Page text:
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Engels on factory conditions

1844

Engels: factory conditions

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  • Intro

    German writer and political theorist Friedrich Engels (1820-95) is perhaps best remembered as the co-author, with Karl Marx, of The Communist Manifesto in 1848. But Engels's view of capitalism as a doomed excuse for the rich to exploit the poor and uneducated had been developed in his first book ‘The Condition of the Working Class in England’ of 1844.

     

    In often revolutionary language, it draws on his experiences while living in Manchester, then at the heart of the industrial revolution. He gave up 'the dinner-parties... and champagne of the middle classes' and instead spent time talking to the workers. Engels was horrified by the child labour, environmental damage, low wages, bad conditions, poor health, death rates - and the 'social and political power of your oppressors'. Containing many important and ground-breaking early thoughts on socialism, the book is still widely read today.

     

    In the pages displayed here, Engels discusses the appalling conditions that factory workers were subjected to.

     

    Shelfmark: 0826.e.36

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    Engels on factory conditions

    The Condition of the Working Class in England by, Frederick Engels, 1844

    ..There are some branches of factory-work which have an especially injurious effect. In many rooms of the cotton and flax-spinning mills, the air is filled with fibrous dust, which produces chest and bronchial complaints, especially among workers in the carding and combing-rooms. Some constitutions can bear it, some cannot; but the operative has no choice. He must take the room in which he finds work, whether his chest is sound or not. The most common effects of this breathing of dust are blood-spitting, hard, noisy breathing, pains in the chest, coughs, sleeplessness – in short, all the symptoms of asthma ending in the worst cases in consumption. Especially unwholesome is the wet spinning of linen-yarn which is carried on by young girls and boys. The water spirts over them from the spindle, so that the front of their clothing is constantly wet through to the skin; and there is always water standing on the floor.

    .... Another effect of flax-spinning is a peculiar deformity of the shoulder, especially a projection of the right shoulder-blade, consequent upon the nature of the work. This sort of spinning and the throstle-spinning of cotton frequently produce diseases of the knee-pan, which is used to check the spindle during the joining of broken threads. The frequent stooping and the bending to the low machines common to both these branches of work have, in general, a stunting effect upon the growth of the operative. ...But apart from all these diseases and malformations, the limbs of the operatives suffer in still another way.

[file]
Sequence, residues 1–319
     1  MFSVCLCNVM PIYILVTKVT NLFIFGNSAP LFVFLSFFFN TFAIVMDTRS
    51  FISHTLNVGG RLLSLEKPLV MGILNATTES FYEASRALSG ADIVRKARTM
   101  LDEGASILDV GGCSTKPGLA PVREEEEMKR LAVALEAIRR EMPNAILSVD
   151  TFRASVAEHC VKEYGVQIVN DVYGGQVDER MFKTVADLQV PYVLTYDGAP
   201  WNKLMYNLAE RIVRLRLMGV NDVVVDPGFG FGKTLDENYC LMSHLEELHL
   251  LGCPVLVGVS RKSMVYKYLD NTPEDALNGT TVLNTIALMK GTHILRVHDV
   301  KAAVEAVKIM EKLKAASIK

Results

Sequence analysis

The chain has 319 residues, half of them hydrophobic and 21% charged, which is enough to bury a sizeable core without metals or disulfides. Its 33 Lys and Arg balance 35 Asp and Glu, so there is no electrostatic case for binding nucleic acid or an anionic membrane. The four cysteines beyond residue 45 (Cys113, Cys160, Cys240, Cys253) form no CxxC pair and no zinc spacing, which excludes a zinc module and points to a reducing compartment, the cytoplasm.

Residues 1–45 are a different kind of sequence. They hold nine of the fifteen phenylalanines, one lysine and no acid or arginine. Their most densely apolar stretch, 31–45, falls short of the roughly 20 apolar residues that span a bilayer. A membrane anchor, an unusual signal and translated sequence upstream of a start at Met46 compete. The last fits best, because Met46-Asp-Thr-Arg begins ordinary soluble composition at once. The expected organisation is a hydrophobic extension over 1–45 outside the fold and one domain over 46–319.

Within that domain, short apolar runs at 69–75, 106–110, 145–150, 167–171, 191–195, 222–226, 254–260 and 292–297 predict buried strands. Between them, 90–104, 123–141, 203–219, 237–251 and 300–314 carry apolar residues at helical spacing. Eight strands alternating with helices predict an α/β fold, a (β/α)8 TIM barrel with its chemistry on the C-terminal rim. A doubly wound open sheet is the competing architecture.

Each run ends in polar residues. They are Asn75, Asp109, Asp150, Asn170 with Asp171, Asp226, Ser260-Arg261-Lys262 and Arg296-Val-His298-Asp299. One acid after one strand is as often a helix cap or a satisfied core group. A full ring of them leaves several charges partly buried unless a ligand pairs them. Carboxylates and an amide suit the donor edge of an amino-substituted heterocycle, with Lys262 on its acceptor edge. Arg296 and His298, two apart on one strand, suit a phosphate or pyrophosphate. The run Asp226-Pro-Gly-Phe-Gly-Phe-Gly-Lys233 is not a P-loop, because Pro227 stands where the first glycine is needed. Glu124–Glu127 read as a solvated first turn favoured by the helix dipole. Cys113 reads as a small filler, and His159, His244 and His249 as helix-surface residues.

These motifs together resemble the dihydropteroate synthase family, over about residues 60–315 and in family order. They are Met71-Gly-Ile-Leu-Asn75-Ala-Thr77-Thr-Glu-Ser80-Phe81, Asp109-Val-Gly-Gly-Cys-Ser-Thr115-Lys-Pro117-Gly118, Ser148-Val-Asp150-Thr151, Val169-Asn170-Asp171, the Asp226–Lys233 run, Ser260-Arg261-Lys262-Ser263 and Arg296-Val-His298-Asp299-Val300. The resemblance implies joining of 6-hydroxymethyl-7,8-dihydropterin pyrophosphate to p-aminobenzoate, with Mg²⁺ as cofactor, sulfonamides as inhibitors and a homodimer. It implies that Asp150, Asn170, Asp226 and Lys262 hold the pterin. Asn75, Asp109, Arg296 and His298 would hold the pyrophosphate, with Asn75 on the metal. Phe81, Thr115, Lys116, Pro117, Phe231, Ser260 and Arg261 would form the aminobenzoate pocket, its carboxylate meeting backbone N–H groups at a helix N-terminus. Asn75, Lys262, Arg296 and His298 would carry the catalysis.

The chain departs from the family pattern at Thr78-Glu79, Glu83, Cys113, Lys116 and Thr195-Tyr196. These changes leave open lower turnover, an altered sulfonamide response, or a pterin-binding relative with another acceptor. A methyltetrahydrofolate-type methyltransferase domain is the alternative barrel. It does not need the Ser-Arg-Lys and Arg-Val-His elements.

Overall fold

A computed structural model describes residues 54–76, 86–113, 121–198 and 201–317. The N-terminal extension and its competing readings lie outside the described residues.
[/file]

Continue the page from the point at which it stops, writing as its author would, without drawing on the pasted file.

The work between the machinery gives rise to multitudes of accidents of more or less serious nature, which have for the operative the secondary effect of unfitting him for his work more or less completely. The most common accident is the squeezing off of a single joint of a finger, somewhat less common the loss of the whole finger, half or a whole hand, an arm, etc., in the machinery. Lockjaw very often follows, even upon the lesser among these injuries, and brings death with it. Besides the deformed persons, a great number of maimed ones may be seen going about in Manchester; this one has lost an arm or a part of one, that one a foot, the third half a leg; it is like living in the midst of an army just returned from a campaign. But the most dangerous portion of the machinery is the strapping which conveys motive power from the shaft to the separate machines, especially if it contains buckles, which, however, are rarely used now. Whoever is seized by the strap is carried up with lightning speed, thrown against the ceiling above and floor below with such force that there is rarely a whole bone left in the body, and death follows instantly. Between June 12th and August 3rd, 1844, the Manchester Guardian reported the following serious accidents (the trifling ones it does not notice): June 12th, a boy died in Manchester of lockjaw, caused by his hand being crushed between wheels. June 15th, a youth in Saddleworth seized by a wheel and carried away with it; died, utterly mangled. June 29th, a young man at Green Acres Moor, near Manchester, at work in a machine shop, fell under the grindstone, which broke two of his ribs and lacerated him terribly. July 24th, a girl in Oldham died, carried around fifty times by a strap; no bone unbroken. July 27th, a girl in Manchester seized by the blower (the first machine that receives the raw cotton), and died of injuries received. August 3rd, a bobbins turner died in Dukenfield, caught in a strap, every rib broken.

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